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Research Papers

Design and Optimization of the Internal Cooling Channels of a High Pressure Turbine Blade—Part II: Optimization

[+] Author and Article Information
Tom Verstraete

Department of Turbomachinery and Propulsion, von Kármán Institute for Fluid Dynamics, Waterloosesteenweg 72, 640 Sint-Genesius-Rode, Belgiumtom.verstraete@vki.ac.be

Sergio Amaral1

Department of Aerospace Engineering, Pennsylvania State University, 229 Hammond Building, University Park, PA 16802sergio.amaral@ge.com

René Van den Braembussche

Department of Turbomachinery and Propulsion, von Kármán Institute for Fluid Dynamics, Waterloosesteenweg 72, 640 Sint-Genesius-Rode, Belgiumvdb@vki.ac.be

Tony Arts

Department of Turbomachinery and Propulsion, von Kármán Institute for Fluid Dynamics, Waterloosesteenweg 72, 640 Sint-Genesius-Rode, Belgiumarts@vki.ac.be

1

Present address: GE Infra Energy, Greenville, SC.

J. Turbomach 132(2), 021014 (Jan 13, 2010) (9 pages) doi:10.1115/1.3104615 History: Received September 30, 2008; Revised November 19, 2008; Published January 13, 2010; Online January 13, 2010

This second paper presents the aerothermal optimization of the first stage rotor blade of an axial high pressure (HP) turbine by means of the conjugate heat transfer (CHT) method and lifetime model described in Paper I. The optimization system defines the position and diameter of the cooling channels leading to the maximum lifetime of the blade while limiting the amount of cooling flow. It is driven by the results of a CHT and subsequent stress analysis of each newly designed geometry. Both temperature and stress distributions are the input for the Larson–Miller material model to predict the lifetime of the blade. The optimization procedure makes use of a genetic algorithm (GA) and requires the aerothermal analysis of a large number of geometries. Because of the large computational cost of each CHT analysis, this results in a prohibitive computational effort. The latter has been remediated by using a more elaborate optimization system, in which a large part of the CHT analyzes is replaced by approximated predictions by means of a metamodel. Two metamodels, an artificial neural network and a radial basis function network, have been tested and their merits have been discussed. It is shown how this optimization procedure based on CHT calculations, a GA, and a metamodel can lead to a considerable extension of the blade lifetime without an increase in the amount of cooling flow or the complexity of the cooling geometry.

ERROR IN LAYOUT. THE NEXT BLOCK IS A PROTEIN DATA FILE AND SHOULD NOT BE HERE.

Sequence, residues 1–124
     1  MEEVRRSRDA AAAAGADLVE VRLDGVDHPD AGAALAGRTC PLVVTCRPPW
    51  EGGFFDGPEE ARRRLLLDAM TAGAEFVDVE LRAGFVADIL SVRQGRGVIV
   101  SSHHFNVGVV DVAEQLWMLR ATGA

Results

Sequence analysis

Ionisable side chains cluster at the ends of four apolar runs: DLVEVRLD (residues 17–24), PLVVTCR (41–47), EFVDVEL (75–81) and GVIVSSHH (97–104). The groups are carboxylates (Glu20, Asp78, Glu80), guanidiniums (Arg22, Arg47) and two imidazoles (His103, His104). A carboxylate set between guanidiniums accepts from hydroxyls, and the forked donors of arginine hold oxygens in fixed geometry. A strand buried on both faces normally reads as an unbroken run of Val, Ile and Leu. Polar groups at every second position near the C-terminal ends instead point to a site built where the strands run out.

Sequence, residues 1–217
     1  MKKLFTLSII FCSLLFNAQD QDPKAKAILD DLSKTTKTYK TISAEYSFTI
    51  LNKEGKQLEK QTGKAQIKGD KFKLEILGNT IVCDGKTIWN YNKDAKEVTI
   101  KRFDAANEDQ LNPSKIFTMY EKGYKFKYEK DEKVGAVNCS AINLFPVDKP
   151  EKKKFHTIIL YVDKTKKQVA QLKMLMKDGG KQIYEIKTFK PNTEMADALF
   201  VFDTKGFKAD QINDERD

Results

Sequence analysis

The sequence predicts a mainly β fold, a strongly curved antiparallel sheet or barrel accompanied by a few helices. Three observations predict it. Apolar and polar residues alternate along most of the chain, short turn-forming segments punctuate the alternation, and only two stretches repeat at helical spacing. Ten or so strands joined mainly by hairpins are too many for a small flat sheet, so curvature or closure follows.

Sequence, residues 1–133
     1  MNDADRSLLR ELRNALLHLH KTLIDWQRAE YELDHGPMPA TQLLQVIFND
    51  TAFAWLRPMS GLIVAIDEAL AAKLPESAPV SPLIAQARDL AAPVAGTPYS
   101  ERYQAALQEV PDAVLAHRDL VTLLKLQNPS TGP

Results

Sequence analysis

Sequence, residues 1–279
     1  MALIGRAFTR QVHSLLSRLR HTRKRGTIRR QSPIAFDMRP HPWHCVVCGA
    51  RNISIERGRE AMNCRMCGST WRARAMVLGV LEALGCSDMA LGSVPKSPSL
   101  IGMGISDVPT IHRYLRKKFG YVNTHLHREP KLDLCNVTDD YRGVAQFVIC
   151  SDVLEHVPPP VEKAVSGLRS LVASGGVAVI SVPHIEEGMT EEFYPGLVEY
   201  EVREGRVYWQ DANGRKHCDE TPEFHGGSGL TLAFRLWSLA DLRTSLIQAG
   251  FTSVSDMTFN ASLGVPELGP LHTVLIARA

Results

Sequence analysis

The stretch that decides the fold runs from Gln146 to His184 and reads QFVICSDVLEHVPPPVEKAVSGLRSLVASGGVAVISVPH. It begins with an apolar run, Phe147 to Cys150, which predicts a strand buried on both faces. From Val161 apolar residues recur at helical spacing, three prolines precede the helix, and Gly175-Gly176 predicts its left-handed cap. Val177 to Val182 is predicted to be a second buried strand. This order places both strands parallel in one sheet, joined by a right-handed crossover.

Copyright © 2010 by American Society of Mechanical Engineers
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References

Figures

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Figure 11

cc5 diameter versus lifetime and mass flow

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Figure 12

cc5 η versus lifetime and mass FLOW

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Figure 13

cc4 diameter versus lifetime and mass flow

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Figure 14

cc3 η versus lifetime and mass flow

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Figure 15

Comparison of ANN and RBF optimized geometries at hub and shroud

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Figure 1

Schematic overview of the optimization algorithm

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Figure 2

Parametrization of the location and diameter of the cooling channel

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Figure 3

Definition of the fourth cooling channel with ε=0

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Figure 4

Lifetime and coolant mass flow versus penalty

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Figure 5

Pareto front for a two objective optimization versus single-objective optimization

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Figure 6

Artificial neural network topology

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Figure 7

Radial basis function network topology

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Figure 16

Wall temperature of ANN iteration 18

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Figure 17

Effective stress at rupture of ANN iteration 18

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